For good reason. India is a hotspot in the global tech market. After a prolonged slump in 2008 and the first half of 2009, global PC sales scrambled to a growth of 2.3 per cent from the third quarter of 2009 and then gathered steam to grow around 15 per cent year-on-year in December, according to IDC data.
In India, the market recovered earlier and more sharply, with PC sales rising around 25 per cent in the third and fourth quarters of 2009. In step with the revival, HCL Infosystems, the largest Indian vendor of computers, is reviving its 15-year-old Beanstalk PC range, starting at Rs 39,990. "Desktop PCs account for 60 per cent of the Indian market and the segment is growing around 3.4 per cent annually on a large installed base," says George Paul, Executive Vice President, HCL Infosysystems.
"With just 30-35 computers per 1,000 people, PCs will be the route to a deeper computer usage." Another factor driving a strong recovery in PC buying, says Diptarup Chakraborti, Principal Research Analyst at tech research firm Gartner, is new software releases from Microsoft and refresh buying in hardware. Vendors like Dell and Acer are stretched but happy to be caught breathless by the surge in demand.
Boom not Just Confined to PCs
The current step-up in tech hardware demand is only the start of a big change in the buying of such wares in India, many in the industry believe. Manoj Chugh, President, India and SAARC, for data storage company EMC, says budgets, which were tight for the first half of 2009, are easing.
Sales of servers, which had been in a slump in India since late 2008, grew 30 per cent year-on-year to 27,000 units in the December quarter—making for a record three months in the industry.
Alok Ohrie, Director, Systems and Technology Group, IBM India/South Asia, says: "IBM's overall server revenues in India have grown 58 per cent quarteron-quarter (December quarter over the one ended September 2009)." Rival HP does not release India numbers but the company's Director, Industry Standard Servers, India, Rajesh Dhar, says India contributed strongly to boosting server sales in the BRIC nations (Brazil, Russia, India and China) to 41 per cent more in 2009 over 2008. In India, adds Dhar, "we are seeing strong demand from customers in the telecom, banking, government and public sector markets".
Perhaps the biggest tech hardware buying over the next five years will come from large government projects. Different arms of the Union and state governments will contribute to a near 12 per cent expansion in demand in 2010 to Rs 62,400 crore, predicts IDC. "The government is making significant investments in the National e-Governance Plan, UID project, e-Passport initiative and the National Rural Employment Guarantee Scheme," says Naresh Wadhwa, Country Head for networking gear giant Cisco.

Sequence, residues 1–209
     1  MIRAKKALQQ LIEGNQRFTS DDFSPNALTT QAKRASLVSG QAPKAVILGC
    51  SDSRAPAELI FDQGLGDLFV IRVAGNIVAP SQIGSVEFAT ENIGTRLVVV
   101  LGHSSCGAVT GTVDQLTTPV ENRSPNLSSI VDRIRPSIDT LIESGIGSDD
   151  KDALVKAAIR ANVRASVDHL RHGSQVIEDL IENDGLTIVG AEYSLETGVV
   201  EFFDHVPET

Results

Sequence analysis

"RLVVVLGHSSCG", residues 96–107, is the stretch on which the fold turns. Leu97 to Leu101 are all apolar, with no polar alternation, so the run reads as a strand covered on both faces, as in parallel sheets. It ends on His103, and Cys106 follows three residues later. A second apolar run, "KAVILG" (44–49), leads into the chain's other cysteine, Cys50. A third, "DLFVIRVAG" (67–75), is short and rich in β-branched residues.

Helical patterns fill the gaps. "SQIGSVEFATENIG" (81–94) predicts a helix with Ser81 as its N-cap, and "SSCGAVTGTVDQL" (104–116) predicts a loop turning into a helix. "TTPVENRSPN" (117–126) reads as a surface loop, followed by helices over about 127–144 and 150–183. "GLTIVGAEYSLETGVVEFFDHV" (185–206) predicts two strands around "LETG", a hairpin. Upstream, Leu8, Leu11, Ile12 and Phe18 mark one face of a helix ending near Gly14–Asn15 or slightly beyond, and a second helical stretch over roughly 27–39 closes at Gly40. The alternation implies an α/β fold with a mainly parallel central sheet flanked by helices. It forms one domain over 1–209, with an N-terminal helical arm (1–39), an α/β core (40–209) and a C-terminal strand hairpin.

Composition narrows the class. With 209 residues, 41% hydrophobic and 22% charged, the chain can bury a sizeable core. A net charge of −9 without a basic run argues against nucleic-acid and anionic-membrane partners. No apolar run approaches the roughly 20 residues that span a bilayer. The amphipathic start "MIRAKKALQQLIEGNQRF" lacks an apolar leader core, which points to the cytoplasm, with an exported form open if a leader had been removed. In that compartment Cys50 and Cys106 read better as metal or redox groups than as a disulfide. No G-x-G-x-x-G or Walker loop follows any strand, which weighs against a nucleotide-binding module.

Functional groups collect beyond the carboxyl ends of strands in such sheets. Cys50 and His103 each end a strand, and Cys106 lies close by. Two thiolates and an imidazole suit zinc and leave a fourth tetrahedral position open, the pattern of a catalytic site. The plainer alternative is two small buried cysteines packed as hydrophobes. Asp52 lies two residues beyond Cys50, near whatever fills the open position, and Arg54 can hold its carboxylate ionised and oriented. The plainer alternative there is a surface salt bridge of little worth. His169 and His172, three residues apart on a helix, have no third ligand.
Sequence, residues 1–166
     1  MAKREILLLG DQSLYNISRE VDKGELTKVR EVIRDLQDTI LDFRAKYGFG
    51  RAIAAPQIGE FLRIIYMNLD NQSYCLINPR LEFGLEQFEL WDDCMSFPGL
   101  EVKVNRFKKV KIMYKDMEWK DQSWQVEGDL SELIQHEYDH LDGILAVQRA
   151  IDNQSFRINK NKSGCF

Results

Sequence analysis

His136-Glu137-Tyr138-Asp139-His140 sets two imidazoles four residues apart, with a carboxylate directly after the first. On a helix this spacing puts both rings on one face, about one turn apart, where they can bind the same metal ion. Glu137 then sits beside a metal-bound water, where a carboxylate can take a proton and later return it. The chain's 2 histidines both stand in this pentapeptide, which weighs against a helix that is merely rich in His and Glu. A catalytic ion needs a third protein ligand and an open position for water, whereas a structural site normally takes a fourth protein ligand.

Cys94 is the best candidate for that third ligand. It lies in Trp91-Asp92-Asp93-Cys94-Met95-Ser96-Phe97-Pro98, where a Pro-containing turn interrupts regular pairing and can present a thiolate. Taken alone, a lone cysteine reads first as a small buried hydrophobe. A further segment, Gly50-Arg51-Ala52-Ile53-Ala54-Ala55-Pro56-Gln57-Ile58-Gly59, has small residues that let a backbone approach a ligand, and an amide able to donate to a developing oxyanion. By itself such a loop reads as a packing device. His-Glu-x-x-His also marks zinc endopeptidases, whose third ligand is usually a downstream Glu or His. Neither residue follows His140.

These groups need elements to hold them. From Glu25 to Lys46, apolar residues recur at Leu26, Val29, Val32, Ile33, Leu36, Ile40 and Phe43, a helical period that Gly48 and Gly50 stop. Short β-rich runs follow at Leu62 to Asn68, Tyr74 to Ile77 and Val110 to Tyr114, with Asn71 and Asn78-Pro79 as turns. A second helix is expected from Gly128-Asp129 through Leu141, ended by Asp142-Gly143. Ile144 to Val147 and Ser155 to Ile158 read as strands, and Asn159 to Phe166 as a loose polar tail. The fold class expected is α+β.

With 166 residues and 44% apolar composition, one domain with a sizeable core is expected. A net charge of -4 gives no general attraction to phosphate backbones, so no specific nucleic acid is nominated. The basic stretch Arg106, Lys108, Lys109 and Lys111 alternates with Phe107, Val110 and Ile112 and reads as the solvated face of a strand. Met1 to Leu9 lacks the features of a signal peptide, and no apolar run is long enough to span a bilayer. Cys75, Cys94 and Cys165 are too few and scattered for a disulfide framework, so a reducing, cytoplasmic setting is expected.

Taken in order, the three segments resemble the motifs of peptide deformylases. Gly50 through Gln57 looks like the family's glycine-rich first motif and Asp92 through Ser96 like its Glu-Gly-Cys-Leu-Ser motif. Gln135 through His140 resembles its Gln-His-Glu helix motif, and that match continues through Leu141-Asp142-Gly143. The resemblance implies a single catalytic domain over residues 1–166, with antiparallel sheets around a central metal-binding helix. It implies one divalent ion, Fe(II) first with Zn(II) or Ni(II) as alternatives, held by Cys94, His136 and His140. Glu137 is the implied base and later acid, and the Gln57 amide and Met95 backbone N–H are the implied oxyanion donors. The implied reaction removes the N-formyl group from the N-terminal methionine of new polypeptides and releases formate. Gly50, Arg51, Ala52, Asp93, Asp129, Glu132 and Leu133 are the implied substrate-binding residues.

"Mega events such as the 2010 Commonwealth Games are also likely to spur infrastructure development and thereby IT and telecom growth," he adds. Projects such as the UID and the current National Census, reckons Gartner's Principal Research Analyst Diptarup Chakraborti, will spend half of their outlay on hardware (Rs 50,000 crore for the UID). India's public sector firms, reckons Springboard Research, will spend over $5 billion annually by 2011 on technology, up from $3.1 billion in 2008.
A large swathe of businesses— small and medium enterprises— across India as also sectors like banking and manufacturing will add to this market. Small businesses in India, shows data from AMI Partners, a New York research and consultancy firm, will spend nearly $4.5 billion on tech hardware in the next three months alone.
In addition, companies are now increasingly focussing on opting for modular platforms with lean computing assets inhouse and dependence on the Internet-based hardware and software or cloud computing. "As cloud computing goes mainstream we think Indian enterprises will lead the way in re-architecting the conventional data centre to ride this wave," says Chugh of EMC.
Dell aims to get a fifth of its clients globally on to cloud-based solutions. A new server line by IBM promises to halve the number of servers required for a given task and cut storage costs by 97 per cent. The writing on the wall is clear: capitalise on government spending and new business models if you want to ride the new wave of tech demand in India.